Anonymous Seek to ‘Punish’ Egyptian Authority’s Acts of Brutality
Earlier Egyptian graffiti depicting the ruling military council

A video showing two Egyptian activists writing graffiti inciting the population to stand up against the ruling military council has gone viral on social media sites.

The footage, which appeared on sites such as YouTube and Twitter, shows two activists from the protest group Zan Zans 25 wearing Guy Fawkes masks similar to those worn by members of the Occupy movement, as they run through the streets of the Zamalek district of central Cairo, dancing and writing graffiti calling on Egyptians to march against military rule in the country.

Activists and opposition political parties are urging people to turn out for a mass rally on 25 January to continue pressure on the authorities to satisfy the demands made at the start of the revolution that toppled former president Hosni Mubarak.

"We did the graffiti because we want the people in the streets to know what's happening outside national TV, which is misleading," a member of Zan Zans 25 exclusively told International Business Times UK.

"We danced to show that our determination will never be swayed and that we will continue to criticise with joy. There is no revolution without dancing and joy."

The graffiti at the end of the video reproduces the lyrics of the background song by the Egyptian band the Choir Project, which read: "The Revolution, who stole it? Who controls its media? Who is putting civilians on trial in military tribunes? Who is calling us thugs? Where is the tank? Who is driving it? Who ran us over? Who is making our state worse by the minute? Who is making us hungry? Who is killing our joy? Who is trying to frighten us? The Supreme Council of the Armed Forces, that's who."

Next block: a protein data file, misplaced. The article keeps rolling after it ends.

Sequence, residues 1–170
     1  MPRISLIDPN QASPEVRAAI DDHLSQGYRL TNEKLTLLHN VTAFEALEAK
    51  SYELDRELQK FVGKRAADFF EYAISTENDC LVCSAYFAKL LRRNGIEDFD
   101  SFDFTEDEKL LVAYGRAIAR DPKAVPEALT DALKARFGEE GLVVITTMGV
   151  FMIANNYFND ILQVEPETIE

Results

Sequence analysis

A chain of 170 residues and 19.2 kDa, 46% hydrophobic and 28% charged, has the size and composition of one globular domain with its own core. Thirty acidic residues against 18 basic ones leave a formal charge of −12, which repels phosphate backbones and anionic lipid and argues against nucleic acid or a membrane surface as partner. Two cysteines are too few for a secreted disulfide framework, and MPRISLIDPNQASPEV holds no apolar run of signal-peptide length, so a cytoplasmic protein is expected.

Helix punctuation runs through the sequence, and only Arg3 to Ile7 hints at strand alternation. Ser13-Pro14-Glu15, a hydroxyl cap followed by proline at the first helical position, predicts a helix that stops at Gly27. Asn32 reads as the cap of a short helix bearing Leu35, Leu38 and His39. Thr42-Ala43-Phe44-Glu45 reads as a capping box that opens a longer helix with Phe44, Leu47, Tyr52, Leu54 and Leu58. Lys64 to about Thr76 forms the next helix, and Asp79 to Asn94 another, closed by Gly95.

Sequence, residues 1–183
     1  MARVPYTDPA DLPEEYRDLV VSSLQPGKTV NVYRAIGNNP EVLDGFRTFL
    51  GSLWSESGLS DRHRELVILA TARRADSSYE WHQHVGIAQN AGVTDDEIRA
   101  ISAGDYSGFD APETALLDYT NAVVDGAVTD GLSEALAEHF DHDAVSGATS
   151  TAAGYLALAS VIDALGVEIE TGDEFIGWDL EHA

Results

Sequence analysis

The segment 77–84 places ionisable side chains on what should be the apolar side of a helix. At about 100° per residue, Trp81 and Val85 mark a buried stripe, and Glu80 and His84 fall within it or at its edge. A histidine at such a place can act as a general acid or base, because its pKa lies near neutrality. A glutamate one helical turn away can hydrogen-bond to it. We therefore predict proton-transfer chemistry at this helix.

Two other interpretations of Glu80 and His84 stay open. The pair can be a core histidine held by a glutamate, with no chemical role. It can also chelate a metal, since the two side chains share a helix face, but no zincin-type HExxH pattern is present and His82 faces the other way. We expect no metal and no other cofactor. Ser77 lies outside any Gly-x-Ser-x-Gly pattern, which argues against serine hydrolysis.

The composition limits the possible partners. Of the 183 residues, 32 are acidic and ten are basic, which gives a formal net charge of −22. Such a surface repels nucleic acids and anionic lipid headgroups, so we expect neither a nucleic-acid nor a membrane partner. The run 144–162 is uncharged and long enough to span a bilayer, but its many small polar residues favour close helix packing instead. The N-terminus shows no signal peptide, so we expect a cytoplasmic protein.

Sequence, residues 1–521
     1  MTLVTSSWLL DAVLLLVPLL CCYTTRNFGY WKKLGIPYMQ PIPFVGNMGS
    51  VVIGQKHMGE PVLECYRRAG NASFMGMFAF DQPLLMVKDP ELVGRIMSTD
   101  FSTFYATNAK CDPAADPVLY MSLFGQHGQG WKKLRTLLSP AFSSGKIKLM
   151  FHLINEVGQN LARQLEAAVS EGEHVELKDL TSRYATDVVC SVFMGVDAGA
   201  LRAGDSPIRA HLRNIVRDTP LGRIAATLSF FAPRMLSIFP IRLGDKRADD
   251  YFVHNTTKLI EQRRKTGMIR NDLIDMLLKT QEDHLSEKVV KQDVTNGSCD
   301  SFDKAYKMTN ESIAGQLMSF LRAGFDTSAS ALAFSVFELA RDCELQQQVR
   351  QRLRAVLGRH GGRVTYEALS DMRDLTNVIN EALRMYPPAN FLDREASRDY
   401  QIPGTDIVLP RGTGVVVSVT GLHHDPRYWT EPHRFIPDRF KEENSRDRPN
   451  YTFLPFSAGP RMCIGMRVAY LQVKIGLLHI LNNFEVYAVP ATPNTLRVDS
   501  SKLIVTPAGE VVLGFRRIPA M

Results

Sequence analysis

The activists stressed that they are not part of either the Anonymous or Occupy movements.

"We are independent," they said. "A year ago we took to the streets and chanted 'Bread, freedom, social justice'. After a year, absolutely nothing changed. Our situation has become worse than before. So we will go to the streets again and the regime will fall once and for all."

In December, a hacker cell from Anonymous pledged to renew its campaign in Egypt after footage emerged showing members of the Egyptian armed forcessavagely beating a female protester.

A slew of reports then appeared on the internet reporting that websites operated by the Egyptian government were going offline, prompting speculation that Anonymous had carried out another series of attacks on the sites to protest against the brutality of the armed forces.

In addition to Anonymous' support for the revolution, its denial-of-service attacks are believed to be part of the collective's links to the Occupy movement, whose followers participated in demonstrations in Tahrir Square in Cairo.

Zan Zan 25's video was uploaded after Egyptian police arrested four activists for putting up posters criticising the ruling military council's heavy-handed tactics against female protesters.

Those activists were from the April 6 Youth Movement, which helped trigger the uprising that ousted President Hosni Mubarak in February.